# How to computably reduce the number of colors in (infinite) Ramsey's theorem

Suppose we have an "oracle" that gives a homogeneous set for a 2-coloring $\hat c : [\omega]^2 \rightarrow 2$ of pairs of integers. Using this oracle, can we "compute" a homogeneous set for a 3-coloring $c : [\omega]^2\rightarrow 3$ for pairs of integers? The answer is an obvious yes - you can use the oracle twice to do that. But what if we are allowed to use the oracle only once?

More technically, for every 3-coloring $c : [\omega]^2 \rightarrow 3$, does there exist a 2-coloring $\hat c : [\omega]^2\rightarrow 2$, computable from $c$, such that for any homogeneous set $\hat H$ for $\hat c$ there exists a homogeneous set $H$ for $c$ computable from $\hat H$ and $c$?

Background : It is a "fact", supposedly easy to prove, stated in a paper by Hirschfeldt and Jockusch, that such $\hat c$ exists. Addendum It's at the bottom of page 34.

• Could you mention where in the linked paper this claim is made? It is a subtle issue, because it is known from a result of Dorais, Dzhafarov, Hirst, Mileti, and Shafer that the construction cannot be uniform in a particular sense. – Carl Mummert Apr 6 '15 at 11:45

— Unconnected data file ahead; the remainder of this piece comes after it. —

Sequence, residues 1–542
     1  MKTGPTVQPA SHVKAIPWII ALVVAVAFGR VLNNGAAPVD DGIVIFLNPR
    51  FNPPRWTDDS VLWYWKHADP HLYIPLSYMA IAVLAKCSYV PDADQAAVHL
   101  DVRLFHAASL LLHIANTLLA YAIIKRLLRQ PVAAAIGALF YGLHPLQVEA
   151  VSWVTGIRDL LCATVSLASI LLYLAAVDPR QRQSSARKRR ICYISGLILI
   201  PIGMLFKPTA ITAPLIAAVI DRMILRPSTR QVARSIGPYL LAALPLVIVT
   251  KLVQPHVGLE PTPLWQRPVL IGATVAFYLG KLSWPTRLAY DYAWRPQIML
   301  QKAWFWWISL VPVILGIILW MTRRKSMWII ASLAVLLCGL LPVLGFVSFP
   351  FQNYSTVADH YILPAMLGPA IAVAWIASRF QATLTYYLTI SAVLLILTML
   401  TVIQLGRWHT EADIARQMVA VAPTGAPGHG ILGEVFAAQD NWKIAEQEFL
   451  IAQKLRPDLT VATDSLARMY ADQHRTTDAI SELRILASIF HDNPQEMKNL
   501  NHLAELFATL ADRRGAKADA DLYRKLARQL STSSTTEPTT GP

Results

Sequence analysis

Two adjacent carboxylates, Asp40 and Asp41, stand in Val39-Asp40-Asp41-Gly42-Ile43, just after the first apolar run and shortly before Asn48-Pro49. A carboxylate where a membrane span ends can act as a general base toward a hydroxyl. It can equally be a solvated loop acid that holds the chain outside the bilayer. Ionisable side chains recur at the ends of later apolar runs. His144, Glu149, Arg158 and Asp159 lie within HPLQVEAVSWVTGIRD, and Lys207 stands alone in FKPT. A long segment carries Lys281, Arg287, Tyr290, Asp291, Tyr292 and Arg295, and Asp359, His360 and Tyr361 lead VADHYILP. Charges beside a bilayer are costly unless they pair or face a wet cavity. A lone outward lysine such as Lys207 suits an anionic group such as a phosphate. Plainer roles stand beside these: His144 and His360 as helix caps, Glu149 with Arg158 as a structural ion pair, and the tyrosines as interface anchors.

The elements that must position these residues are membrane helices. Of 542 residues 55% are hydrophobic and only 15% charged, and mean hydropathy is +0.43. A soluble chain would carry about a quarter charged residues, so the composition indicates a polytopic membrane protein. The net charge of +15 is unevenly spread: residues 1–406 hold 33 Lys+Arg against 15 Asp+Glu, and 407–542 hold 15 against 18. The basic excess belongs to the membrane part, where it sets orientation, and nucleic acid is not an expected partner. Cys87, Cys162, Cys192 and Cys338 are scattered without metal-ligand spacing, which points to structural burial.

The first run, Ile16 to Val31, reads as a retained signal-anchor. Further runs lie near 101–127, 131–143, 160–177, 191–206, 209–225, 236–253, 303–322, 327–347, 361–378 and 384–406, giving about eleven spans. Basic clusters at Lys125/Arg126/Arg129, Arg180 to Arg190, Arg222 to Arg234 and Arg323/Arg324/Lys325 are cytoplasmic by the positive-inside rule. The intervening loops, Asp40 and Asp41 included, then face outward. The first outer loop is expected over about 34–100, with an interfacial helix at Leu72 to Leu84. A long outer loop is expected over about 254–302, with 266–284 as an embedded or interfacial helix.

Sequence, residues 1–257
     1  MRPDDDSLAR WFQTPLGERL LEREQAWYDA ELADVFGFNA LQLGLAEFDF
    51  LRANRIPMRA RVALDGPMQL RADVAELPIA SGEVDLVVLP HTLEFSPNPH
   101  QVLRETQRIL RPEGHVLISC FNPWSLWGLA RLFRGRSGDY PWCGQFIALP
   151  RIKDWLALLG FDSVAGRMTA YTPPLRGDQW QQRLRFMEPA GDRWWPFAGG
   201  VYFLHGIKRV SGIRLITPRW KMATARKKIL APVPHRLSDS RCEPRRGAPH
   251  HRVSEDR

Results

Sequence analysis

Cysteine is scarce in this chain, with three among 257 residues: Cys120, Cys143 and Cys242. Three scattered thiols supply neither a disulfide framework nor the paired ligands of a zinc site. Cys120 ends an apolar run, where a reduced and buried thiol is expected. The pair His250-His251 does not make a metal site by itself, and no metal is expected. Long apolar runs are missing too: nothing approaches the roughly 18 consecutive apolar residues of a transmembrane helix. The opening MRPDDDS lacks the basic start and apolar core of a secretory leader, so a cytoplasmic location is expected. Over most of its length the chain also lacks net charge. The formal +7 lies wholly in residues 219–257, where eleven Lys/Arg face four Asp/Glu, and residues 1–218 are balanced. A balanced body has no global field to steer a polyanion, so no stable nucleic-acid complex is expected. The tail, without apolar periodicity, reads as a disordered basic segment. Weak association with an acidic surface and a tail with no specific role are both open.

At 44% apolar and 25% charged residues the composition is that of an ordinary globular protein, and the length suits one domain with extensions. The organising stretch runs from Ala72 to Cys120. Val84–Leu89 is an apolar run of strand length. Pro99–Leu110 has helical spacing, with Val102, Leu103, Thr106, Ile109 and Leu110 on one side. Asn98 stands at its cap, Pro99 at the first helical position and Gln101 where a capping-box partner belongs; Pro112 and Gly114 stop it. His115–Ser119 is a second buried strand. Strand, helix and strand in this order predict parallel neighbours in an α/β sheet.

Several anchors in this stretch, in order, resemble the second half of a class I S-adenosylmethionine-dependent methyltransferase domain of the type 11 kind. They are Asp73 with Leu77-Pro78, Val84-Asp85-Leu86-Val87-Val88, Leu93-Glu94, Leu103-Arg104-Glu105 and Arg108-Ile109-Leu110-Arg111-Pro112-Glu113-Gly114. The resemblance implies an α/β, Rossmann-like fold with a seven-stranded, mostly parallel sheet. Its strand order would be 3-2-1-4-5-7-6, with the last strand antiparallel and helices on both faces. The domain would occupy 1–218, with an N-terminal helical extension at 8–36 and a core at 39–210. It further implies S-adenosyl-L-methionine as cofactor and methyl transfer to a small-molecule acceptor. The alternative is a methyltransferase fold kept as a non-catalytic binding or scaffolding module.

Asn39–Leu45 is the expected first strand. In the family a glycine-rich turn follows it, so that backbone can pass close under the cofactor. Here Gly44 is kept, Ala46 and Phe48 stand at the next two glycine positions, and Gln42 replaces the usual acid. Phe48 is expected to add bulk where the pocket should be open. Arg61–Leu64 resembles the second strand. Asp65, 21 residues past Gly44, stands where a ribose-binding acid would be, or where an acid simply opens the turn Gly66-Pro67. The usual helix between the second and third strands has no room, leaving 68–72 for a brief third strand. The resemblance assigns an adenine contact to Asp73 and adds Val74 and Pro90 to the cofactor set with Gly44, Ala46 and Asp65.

• @Pteromys: If this doesn't get answered eventually, you could always ask Hirschfeldt on MO. – Kyle Gannon Apr 6 '15 at 15:05
• @CarlMummert I added it in the problem statement. – Pteromys Apr 6 '15 at 16:43
• Thank you. I was confused at first because I thought the word "fact" was a direct quote from the preprint. – Carl Mummert Apr 6 '15 at 17:48

During the final stages of preparation of this paper, we were informed that in his upcoming paper [40], Patey has proved the stronger result that $RT^n_k \not \leq_c RT^n_j$ for all $n \geq 2$ and $k > j \geq 2$ (with a proof considerably more involved than the one we give for our weaker result).
Clearly, Patey's result as stated there would imply $RT^n_3 \not \leq_c RT^n_2$ for $n \geq 2$. Therefore, there is a typo in the following claim on page 34:
For example, consider $RT^n_3$ and $RT^n_2$. While $RT^n_3 \leq_c RT^n_2$, we have seen in Theorem 3.3 that $RT^n_3 \not\leq_u RT^n_2$.
I suspect the authors meant to say that $RT^n_3 \leq_\omega RT^n_2$, which is to say that every $\omega$-model of $RT^n_2$ is an model of $RT^n_3$. That is an easy fact, because in that context we can apply $RT^n_2$ more than once.